Holding on to anger is like grasping a hot coal with the intent of throwing it at someone else; you are the one who gets burned.
Just in case you hadn’t noticed(!)…… there’s been an election here in the UK. The Conservatives have a majority for the first time in 20 years and it seems they will be pushing forward austerity measures with no holds barred now.
64% of voters did not vote for them. Many don’t call that democracy and there have already been under-reported spontaneous demonstrations and eruptions of anger at what some consider an unfair situation.
Personally I think anger will make no positive difference and could allow Conservative plans to restrict the right of peaceful protest here in the UK to take root – It is possible to protest without anger, but you have to first learn how to be mindful. At the bottom of this post, I’ve included some links to great information about how to be mindful and less angry.
I photographed an anti cuts demonstration in Birmingham in 2010 a few months after the Tory / Lib Dem coalition was formed. It was during the Conservative party conference. There was a lot of anger then, but I suspect it was nothing compared to what some people are feeling right now.
During that march, protestors jeered Conservative party members who watched on from behind police lines:
I’m wondering whether angry demonstrations will be a permanent UK sideshow for the next 5 years.
By pure coincidence, I was in the Gambia when Gambian youth spontaneously took to the streets in angry demonstrations in April 2000.
The government had done little to address their concerns about the alleged torture of a student, who later died, by the Gambian Fire Brigade in March 2000 and of the alleged rape of a 13-year-old by an armed official.
It was a total fluke that my trip coincided with the one month anniversary of these events.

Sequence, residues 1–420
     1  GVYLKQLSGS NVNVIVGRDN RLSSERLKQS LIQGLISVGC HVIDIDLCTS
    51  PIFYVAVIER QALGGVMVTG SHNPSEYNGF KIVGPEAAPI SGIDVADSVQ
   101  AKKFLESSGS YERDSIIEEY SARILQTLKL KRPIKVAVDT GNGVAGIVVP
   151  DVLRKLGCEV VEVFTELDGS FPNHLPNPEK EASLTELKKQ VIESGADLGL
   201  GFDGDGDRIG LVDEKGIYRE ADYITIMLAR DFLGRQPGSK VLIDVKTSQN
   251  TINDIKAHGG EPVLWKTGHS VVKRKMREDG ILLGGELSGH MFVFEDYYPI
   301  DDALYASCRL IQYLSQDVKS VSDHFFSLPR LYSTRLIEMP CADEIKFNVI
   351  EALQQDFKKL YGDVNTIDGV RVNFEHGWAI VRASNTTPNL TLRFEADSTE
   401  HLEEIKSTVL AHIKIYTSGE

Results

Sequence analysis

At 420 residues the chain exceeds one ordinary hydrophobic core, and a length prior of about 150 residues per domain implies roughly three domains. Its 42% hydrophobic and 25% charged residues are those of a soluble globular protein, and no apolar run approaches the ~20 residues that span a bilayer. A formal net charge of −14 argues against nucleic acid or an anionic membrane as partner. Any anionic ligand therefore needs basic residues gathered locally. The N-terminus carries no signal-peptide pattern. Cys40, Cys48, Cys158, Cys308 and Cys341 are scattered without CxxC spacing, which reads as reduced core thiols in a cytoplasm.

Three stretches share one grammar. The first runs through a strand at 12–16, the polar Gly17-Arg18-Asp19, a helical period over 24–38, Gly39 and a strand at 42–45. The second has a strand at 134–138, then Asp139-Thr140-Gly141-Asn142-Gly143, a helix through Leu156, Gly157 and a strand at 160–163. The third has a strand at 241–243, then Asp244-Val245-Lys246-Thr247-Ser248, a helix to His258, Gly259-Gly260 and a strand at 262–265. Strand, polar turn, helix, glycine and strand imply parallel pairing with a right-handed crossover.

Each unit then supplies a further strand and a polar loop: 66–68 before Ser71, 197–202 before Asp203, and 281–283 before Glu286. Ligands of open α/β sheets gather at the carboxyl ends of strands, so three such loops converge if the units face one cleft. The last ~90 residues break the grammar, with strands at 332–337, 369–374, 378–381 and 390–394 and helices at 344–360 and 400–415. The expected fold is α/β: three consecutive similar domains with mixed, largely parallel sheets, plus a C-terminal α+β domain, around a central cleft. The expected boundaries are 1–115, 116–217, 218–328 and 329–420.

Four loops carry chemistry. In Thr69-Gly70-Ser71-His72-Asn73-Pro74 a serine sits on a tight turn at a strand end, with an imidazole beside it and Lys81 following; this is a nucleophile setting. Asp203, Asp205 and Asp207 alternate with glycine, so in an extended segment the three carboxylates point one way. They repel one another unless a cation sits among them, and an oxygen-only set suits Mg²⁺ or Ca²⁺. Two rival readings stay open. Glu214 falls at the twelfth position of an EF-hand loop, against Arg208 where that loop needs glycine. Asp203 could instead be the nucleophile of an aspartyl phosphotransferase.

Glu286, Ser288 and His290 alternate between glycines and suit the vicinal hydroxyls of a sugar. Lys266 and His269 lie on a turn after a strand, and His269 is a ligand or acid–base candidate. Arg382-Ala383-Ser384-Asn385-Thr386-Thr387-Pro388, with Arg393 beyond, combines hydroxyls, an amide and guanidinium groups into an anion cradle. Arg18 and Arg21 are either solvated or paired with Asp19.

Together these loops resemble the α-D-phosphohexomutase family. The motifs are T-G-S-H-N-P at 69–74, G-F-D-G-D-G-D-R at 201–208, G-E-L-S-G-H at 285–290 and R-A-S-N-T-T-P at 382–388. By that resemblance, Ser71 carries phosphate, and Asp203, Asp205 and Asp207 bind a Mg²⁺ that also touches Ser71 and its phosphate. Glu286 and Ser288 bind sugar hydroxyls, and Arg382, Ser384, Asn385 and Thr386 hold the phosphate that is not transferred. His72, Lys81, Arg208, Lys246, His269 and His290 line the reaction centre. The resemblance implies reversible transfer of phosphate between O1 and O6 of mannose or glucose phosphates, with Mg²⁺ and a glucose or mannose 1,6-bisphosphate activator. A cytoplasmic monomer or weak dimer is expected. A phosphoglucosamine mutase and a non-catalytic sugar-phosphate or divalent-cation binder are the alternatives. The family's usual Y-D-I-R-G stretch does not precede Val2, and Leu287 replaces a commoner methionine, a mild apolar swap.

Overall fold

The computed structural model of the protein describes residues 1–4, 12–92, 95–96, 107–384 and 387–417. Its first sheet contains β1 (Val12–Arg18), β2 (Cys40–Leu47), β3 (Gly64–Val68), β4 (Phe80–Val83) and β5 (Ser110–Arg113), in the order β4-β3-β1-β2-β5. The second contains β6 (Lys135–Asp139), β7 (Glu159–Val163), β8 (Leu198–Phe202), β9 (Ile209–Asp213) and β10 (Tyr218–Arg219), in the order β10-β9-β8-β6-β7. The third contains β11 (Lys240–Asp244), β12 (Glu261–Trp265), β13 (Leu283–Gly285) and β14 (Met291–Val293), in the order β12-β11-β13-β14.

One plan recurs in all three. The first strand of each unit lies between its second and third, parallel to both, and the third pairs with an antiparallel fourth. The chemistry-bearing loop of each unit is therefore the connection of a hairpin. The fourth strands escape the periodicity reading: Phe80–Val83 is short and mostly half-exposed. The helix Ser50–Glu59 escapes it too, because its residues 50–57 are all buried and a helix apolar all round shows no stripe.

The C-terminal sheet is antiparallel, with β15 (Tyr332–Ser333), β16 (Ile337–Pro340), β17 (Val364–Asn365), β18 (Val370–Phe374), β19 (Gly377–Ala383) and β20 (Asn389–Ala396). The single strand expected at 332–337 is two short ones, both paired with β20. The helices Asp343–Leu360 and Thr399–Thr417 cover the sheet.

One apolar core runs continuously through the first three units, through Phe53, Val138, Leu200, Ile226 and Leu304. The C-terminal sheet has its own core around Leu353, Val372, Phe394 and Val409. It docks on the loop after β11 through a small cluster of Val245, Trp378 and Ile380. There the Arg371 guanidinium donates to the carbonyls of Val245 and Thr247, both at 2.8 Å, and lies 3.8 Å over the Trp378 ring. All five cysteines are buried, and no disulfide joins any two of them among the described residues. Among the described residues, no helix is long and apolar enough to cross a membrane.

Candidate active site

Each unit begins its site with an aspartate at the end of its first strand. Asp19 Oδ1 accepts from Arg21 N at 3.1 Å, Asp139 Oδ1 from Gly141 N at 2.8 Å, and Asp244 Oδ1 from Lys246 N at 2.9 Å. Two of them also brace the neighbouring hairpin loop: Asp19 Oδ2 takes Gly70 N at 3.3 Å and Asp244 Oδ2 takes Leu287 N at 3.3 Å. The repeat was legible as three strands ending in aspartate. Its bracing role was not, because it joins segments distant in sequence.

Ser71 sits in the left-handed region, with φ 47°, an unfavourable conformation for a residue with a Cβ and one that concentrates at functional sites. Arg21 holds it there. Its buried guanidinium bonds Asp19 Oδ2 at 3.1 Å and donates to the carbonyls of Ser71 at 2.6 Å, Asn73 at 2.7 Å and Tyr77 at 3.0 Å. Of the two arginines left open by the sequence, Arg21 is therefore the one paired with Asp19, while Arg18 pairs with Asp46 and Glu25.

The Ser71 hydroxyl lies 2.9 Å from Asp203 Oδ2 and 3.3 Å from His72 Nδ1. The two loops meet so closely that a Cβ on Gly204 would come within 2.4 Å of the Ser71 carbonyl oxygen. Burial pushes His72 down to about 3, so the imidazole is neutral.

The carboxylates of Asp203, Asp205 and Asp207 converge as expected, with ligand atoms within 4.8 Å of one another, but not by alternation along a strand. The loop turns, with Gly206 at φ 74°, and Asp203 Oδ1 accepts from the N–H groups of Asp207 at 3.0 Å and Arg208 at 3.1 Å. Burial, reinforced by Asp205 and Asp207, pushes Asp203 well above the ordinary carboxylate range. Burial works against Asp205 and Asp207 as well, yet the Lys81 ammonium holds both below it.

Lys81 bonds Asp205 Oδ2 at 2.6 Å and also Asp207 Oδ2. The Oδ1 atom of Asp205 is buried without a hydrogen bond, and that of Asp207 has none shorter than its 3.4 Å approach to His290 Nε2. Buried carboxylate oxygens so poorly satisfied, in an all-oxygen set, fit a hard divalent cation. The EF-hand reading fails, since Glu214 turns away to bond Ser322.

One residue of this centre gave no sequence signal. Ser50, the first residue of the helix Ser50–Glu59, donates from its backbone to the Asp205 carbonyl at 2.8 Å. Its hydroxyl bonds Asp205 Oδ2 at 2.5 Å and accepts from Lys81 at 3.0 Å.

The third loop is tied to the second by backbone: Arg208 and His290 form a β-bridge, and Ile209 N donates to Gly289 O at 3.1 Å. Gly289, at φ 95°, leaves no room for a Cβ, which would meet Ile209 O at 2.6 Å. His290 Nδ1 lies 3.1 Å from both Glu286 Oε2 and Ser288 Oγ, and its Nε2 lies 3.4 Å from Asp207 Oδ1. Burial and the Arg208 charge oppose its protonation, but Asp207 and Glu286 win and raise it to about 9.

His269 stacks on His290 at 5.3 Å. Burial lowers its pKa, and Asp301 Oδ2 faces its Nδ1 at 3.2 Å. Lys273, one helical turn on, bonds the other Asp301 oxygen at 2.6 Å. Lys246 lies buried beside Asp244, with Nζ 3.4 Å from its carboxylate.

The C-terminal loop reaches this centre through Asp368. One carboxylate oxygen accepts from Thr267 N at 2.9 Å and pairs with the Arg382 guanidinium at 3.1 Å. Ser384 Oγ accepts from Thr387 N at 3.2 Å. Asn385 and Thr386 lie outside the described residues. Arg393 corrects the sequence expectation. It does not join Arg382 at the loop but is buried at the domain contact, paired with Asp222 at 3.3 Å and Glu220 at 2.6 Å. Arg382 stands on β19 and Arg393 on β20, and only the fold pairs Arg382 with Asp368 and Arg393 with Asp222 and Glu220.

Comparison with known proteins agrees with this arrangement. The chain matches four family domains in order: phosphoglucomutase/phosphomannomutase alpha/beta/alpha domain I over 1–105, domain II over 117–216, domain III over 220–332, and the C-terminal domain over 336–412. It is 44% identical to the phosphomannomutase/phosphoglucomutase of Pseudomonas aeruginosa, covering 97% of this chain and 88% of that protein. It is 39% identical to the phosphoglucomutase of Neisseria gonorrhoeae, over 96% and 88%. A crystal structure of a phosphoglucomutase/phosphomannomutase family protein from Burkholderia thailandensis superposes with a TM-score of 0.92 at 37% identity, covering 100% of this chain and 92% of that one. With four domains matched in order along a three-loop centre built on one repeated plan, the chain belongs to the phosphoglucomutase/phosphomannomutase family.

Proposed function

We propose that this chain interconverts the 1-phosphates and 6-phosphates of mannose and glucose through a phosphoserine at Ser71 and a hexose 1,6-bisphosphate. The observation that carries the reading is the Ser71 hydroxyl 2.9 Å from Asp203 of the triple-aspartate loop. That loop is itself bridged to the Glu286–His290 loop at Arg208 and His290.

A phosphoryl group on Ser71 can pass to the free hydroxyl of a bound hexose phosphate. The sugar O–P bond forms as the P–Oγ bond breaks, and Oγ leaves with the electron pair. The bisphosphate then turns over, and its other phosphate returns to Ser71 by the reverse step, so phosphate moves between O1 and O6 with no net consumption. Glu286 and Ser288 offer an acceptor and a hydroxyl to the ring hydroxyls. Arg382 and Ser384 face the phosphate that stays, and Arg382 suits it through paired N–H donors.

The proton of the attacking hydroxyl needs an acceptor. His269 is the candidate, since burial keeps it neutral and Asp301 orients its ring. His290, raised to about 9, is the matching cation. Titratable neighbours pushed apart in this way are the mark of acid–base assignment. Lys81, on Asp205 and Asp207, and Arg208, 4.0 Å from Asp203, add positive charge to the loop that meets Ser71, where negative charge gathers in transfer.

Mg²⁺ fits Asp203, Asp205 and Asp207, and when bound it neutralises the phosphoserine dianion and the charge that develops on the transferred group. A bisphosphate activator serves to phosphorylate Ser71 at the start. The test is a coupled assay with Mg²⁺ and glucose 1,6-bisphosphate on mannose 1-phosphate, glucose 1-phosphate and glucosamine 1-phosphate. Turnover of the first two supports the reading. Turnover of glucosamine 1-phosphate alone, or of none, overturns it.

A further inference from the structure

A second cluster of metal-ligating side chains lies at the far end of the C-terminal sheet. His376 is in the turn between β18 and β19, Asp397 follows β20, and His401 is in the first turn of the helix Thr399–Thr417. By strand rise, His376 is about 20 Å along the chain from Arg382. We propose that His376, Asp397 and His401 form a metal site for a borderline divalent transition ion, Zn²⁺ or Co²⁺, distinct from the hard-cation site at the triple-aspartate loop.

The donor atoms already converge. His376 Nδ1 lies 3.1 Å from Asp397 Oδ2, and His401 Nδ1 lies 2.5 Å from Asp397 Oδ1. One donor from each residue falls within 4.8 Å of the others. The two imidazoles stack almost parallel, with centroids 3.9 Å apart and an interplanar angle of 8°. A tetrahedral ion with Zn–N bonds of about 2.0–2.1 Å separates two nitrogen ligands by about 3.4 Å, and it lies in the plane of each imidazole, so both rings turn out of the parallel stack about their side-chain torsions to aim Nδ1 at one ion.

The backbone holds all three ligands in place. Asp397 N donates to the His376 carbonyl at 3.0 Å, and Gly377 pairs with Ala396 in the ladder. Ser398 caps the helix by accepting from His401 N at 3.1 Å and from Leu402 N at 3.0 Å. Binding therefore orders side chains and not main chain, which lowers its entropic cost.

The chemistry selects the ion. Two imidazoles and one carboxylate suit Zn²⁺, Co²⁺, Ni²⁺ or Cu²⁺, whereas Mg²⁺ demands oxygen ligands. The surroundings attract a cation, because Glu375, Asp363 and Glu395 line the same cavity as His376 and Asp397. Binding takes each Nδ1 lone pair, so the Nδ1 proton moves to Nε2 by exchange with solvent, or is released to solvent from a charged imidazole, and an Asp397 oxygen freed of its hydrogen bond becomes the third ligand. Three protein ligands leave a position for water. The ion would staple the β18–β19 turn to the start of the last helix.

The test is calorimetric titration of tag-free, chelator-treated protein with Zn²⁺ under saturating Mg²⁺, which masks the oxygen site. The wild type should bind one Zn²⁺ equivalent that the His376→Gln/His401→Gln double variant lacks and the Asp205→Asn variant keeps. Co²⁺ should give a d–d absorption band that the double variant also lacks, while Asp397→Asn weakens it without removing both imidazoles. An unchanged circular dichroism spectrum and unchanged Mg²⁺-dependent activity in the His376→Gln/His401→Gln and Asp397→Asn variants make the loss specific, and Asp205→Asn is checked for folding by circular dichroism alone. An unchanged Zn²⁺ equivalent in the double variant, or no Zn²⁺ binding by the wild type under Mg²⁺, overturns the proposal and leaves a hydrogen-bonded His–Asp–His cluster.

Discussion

This was the scene the next morning. The police station, post office and prison had been burnt to the ground –
While I was holed up for the night in a campsite with African UN delegates who shrugged their shoulders at my frightened questioning, we could hear the Gambian army shooting rioters just outside the iron gates.
I was, perhaps naively, surprised when I got home to see that what seemed a huge and terrible event to me received just a small mention on a BBC News web page.
Hopefully those of us who feel disenfranchised right now, can find a mindfully aware way to engage with the new status quo that won’t succumb to anger. It really doesn’t achieve anything positive.
Here are the links that I promised earlier. I have personal experience of how these teachers and resources can really help develop a strong mindfulness practice –
Thich Nhat Hanh: Anger – Wisdom for cooling the flames
Breathworks: Mindfulness courses for those in pain or ill
Free buddhist audio: How to meditate
Overcome the angry by non-anger;
overcome the wicked by goodness;
overcome the miser by generosity;
overcome the liar by truth.
For anybody who’s interested –
The pictures of the demonstration were shot on a Samsung EX1 compact (I just happened to be there and it was my carry around camera of the time).
The photos in the Gambia were shot on my trusty old Canon T50 35mm camera before I’d ever used a digital camera!
words and pictures © all rights reserved Miles Pilling